The survey, of more than 1,200 law enforcement professionals with federal, state, and local agencies, found that 83% of the respondents are using social media, particularly Facebook and YouTube, to further their investigations. And of those not doing so, 74% intend to start using social media as a tool within the next year, which would raise the usage rate to about 95%.
More than two-thirds (67%) of respondents believe that social media helps solve crimes more quickly. The most common uses of social media among those who do it include identifying persons of interest (85%) and their associates (75%), identifying criminal activity (76%) and its location (66%), and gathering photos or statements as corroborating evidence (61%).
Less common is the use of social media to provide evidence to justify search warrants; just 23% of survey respondents had done so. But when social media was used in that way, evidence held up in court 87% of the time, they said.
[ Learn more about how law enforcement believes social media will help its investigations. See FBI Seeks Data-Mining App for Social Media. ]
"Investigation and analysis of social media content provides a huge opportunity in terms of crime prevention and offender apprehension," Samantha Gwinn, an experienced crime analyst with local and federal law enforcement agencies and now a government solutions consultant for LexisNexis Risk Solutions, said in a statement. "As law enforcement personnel continue to participate in formal training and gain an increased comfort level with the power and scope of social media, as well as its limitations, the value it provides will continue to rise."
Law enforcement professionals in the Northeast reported the highest use of social media, at 89%, while the South showed the lowest use, 77%. Respondents in the Midwest (83%) and West (81%) fell between that range.
Federal and local law enforcement agents were most likely to use social media in their work (81% and 82%, respectively). State agencies lag behind at 71%. Those in supervisory positions were slightly more likely to use social media for investigative purposes (85%) than rank-and-file officers (79%).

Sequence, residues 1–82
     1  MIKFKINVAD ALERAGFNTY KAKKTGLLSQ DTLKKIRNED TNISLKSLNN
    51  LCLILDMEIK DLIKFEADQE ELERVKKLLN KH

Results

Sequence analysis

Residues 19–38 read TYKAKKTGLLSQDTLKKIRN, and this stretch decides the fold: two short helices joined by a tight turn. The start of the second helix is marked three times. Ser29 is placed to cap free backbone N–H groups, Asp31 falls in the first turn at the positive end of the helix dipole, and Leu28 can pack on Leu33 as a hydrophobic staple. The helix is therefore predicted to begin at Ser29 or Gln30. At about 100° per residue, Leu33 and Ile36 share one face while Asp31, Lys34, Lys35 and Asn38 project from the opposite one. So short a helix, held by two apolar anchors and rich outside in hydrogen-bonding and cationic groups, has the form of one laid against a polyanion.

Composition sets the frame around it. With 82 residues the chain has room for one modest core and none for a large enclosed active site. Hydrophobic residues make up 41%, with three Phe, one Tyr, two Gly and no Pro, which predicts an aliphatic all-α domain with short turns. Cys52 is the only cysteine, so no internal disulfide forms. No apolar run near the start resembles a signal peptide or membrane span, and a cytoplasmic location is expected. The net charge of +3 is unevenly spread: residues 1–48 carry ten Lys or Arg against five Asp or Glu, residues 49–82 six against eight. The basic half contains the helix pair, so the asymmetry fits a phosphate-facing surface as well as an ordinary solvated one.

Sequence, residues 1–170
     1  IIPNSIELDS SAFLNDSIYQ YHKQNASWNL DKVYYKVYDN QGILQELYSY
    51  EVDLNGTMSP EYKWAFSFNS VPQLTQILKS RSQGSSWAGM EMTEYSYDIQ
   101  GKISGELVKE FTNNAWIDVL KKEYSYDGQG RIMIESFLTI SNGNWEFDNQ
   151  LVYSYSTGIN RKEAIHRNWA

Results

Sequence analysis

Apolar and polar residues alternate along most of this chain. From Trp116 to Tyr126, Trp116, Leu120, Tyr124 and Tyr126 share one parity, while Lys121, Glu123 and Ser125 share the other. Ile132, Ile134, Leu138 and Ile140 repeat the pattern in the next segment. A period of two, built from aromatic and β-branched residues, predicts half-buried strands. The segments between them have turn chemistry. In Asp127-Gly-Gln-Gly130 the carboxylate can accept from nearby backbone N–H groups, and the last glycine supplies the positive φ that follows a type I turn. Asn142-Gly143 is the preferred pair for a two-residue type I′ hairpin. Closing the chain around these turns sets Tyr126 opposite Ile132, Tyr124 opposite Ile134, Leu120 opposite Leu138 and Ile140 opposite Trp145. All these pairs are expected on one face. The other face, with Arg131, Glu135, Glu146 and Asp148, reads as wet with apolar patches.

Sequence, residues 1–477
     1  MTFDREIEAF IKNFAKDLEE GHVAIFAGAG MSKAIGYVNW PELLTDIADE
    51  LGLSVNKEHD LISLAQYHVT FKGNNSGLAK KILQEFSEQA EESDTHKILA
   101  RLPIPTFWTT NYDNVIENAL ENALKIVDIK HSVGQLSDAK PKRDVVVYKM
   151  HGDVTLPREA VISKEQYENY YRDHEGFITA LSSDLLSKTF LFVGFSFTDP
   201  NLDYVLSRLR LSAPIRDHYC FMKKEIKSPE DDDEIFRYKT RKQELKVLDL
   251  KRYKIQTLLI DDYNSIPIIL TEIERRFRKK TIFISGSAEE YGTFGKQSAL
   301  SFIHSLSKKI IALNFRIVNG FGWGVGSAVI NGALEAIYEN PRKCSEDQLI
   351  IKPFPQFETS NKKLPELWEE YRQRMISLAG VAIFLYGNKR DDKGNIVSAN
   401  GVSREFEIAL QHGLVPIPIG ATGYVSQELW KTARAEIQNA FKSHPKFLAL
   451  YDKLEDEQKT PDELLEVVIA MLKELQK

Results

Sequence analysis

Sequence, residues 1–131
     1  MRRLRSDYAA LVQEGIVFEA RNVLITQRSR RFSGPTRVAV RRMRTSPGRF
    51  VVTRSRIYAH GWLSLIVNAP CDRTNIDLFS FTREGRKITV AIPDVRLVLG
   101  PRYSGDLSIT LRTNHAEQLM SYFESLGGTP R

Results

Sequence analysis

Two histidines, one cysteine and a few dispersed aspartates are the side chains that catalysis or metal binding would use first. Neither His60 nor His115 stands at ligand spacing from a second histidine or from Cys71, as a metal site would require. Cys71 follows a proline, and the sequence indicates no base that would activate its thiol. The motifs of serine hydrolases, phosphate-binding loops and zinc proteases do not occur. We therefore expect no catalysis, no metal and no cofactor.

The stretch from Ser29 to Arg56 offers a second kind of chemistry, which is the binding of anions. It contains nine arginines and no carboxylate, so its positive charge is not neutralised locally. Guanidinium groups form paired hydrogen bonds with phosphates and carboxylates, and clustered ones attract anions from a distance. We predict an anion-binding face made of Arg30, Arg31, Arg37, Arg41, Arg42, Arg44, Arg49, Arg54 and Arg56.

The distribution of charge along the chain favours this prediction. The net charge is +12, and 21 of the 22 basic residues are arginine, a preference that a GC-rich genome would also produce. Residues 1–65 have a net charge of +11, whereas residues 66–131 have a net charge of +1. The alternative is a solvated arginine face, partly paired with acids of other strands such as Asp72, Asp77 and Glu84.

Law enforcement agencies in smaller cities with fewer officers use social media more often. In cities with populations under 50,000, 86% of respondents use social media, while in cities with more than 100,000, usage dropped to 78%.
The emergence of social media as an investigative tool has been more by happenstance than intent. Eighty percent of users are self-taught. They do that by jumping in and navigating social media sites (70%), applying lessons learned in their personal lives (45%), collaborating with colleagues (45%), or attending law enforcement seminars and conferences on the topic (19%). Only 10% of respondents said they have received formal training in how to use social media in investigations.
The survey didn't address privacy issues or policies that come into play as law enforcement officers look to Facebook and other social sites as part of their investigations. Earlier this year, officials from the Department of Homeland Security were called before Congress to answer questions about a DHS program that monitors keywords in social media for disaster preparedness and response and to reassure lawmakers that the program stayed within the bounds of the law.
Every company needs a social networking policy, but don't stifle creativity and productivity with too much formality. Also in the debut, all-digital Social Media For Grownups issue of The BrainYard: The proper tools help in setting social networking policy for your company and ensure that you'll be able to follow through. (Free with registration.)